**Problem Detail:**

If $L = \{w_1cw_2: w_1,w_2 \in \{a,b\}^* , w_1 \neq w_2\}$ what is the complement of language L? one of my friend said that it is $\overline{L} = \{w_1cw_2: w_1,w_2 \in \{a,b\}^* , w_1 = w_2\}$ and he said that we can ignore $c$ and it's not in $\Sigma$ of language $L$. but I think $c$ should be in $\Sigma$ of language $L$ and the complement mentioned above is wrong based on definition of complement that is $\{a,b,c\}^* \backslash L$. which answer is right?

Based on transition relation of pushdown automata where is maping from $(Q\times (\Sigma \cup \{\lambda \}) \times \Gamma) $ to $(Q \times \Gamma^*)$ so if we construct a pushdown automata for string $aabcabb$ for example here $c$ should be in $\Sigma \cup \{\lambda \}$.

###### Asked By : Karo

###### Answered By : Yuval Filmus

The complement of a language $L$ over an alphabet $\Sigma$ consists, by definition, of all words over $\Sigma$ that are not in $L$. If you use this definition, you find out that $\overline{L}$ consists of all words of the form $wcw$ for $w \in \{a,b\}^*$ (like your friend said), as well as all words which contain either no $c$ or at least two $c$s.

The complement operation for languages, like the complement operation for sets, assumes an underlying universe. In the case of languages, the underlying universe is $\Sigma^*$, where $\Sigma$ is the alphabet that the language is defined over. You an think of languages in at least two ways:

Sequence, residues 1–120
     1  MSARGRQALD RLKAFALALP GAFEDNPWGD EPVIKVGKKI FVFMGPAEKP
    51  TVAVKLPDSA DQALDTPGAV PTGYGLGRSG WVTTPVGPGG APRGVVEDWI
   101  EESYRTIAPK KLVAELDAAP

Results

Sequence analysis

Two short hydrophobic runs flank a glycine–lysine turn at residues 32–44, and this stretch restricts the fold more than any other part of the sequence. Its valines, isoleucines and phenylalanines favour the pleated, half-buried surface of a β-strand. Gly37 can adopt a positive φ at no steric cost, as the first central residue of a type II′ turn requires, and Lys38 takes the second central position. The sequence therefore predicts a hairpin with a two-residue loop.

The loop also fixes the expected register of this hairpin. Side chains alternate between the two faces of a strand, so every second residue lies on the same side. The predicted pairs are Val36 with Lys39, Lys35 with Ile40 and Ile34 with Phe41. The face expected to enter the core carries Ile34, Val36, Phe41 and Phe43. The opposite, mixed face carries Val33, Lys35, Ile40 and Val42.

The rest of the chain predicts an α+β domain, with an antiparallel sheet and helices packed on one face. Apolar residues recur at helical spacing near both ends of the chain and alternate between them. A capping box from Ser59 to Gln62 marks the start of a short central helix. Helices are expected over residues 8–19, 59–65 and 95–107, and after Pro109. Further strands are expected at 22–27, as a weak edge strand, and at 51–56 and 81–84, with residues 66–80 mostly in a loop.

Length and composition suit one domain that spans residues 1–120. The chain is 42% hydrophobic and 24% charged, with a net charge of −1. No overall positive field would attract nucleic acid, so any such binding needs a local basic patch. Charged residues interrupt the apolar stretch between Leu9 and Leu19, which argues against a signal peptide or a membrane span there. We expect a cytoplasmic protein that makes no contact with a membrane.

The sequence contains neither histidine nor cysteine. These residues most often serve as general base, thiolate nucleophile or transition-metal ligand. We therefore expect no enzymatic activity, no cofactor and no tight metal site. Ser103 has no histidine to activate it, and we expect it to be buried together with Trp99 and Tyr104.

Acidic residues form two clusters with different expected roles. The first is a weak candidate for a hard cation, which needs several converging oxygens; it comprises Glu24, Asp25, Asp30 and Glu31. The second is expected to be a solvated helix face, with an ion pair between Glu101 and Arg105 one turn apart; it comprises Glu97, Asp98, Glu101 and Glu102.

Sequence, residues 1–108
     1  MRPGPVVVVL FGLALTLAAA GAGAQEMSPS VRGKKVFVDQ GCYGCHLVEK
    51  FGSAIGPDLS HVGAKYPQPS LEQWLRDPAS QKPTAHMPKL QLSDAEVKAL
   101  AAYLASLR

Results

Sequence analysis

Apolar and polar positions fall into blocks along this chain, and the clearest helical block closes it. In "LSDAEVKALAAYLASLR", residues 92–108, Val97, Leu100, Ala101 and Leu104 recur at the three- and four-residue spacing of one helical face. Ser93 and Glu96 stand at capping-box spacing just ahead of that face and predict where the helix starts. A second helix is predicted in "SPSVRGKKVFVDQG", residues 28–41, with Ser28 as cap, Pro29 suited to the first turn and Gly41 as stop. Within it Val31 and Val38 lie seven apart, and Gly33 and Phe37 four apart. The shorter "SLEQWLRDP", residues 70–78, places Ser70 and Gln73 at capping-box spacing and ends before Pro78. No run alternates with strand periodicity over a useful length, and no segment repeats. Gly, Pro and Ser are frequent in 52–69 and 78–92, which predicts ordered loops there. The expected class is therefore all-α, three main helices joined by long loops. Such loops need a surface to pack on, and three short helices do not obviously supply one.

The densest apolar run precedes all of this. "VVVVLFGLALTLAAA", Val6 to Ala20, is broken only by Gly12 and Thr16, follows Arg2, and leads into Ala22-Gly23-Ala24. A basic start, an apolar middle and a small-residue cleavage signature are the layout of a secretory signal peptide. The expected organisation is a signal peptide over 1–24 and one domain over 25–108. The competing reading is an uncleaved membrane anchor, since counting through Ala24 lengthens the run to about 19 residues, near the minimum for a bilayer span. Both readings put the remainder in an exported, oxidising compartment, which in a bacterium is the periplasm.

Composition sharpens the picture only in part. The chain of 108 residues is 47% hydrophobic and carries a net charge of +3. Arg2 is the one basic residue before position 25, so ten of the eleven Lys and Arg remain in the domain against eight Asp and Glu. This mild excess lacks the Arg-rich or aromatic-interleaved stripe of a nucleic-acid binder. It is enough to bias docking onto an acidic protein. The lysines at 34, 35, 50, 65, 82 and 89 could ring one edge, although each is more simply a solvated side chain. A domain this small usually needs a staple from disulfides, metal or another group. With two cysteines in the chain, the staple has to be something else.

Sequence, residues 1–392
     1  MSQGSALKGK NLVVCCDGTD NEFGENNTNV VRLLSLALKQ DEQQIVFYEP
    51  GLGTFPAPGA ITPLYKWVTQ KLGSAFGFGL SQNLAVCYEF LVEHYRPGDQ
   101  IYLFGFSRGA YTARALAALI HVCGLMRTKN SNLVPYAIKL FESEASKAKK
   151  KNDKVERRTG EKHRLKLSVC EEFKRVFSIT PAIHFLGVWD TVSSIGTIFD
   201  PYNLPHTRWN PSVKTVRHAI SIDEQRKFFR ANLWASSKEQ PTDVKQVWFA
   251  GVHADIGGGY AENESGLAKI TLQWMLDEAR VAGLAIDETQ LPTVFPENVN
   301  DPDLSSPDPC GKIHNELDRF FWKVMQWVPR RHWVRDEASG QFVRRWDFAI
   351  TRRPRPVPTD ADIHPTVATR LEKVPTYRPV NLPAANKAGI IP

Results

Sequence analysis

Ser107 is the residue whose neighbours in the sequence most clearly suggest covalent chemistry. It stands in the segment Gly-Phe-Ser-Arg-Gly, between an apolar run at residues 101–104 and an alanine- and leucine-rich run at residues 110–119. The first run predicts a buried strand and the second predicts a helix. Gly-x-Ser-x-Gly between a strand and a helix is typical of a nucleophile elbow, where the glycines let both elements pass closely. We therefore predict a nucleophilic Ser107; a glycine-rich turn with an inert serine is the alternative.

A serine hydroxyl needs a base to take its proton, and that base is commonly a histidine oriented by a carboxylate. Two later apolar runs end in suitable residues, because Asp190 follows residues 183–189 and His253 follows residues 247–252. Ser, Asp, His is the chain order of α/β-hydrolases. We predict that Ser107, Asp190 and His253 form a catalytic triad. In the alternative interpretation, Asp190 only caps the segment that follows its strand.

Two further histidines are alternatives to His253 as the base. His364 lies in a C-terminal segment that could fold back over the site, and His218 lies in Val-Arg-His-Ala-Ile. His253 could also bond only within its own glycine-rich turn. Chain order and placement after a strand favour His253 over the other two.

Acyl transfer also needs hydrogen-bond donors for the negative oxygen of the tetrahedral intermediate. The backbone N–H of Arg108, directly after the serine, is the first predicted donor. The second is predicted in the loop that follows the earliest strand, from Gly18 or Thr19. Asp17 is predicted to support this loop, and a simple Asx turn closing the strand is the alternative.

A language is a pair consisting of an alphabet $\Sigma$ and a subset of $\Sigma^*$. We usually only explicitly mention the second part.

A language is a collection of "words" over some universal alphabet. We can think of the language as being over any alphabet which includes all the symbols appearing in the language.

While the more correct view is the first, the more practical view is the second. Therefore, whenever you take the complement of a language, you must make sure with respect to which alphabet the complement is taken. This can be done in at least two ways:

When you define the language, you also mention the underlying alphabet.

When you take the complement, you state with respect to which alphabet you are complementing it.

For example, you could say:

Let $L$ be the language over $\{a,b,c\}$ given by $L = \{ w_1 c w_2 : w_1,w_2 \in \{a,b\}^* \text{ and } w_1 \neq w_2 \}$. What is the complement of $L$?

Or you could say

Let $L = \{ w_1 c w_2 : w_1,w_2 \in \{a,b\}^* \text{ and } w_1 \neq w_2 \}$. What is the complement of $L$ (as a language over $\{a,b,c\}$)?

Question Source : http://cs.stackexchange.com/questions/56648

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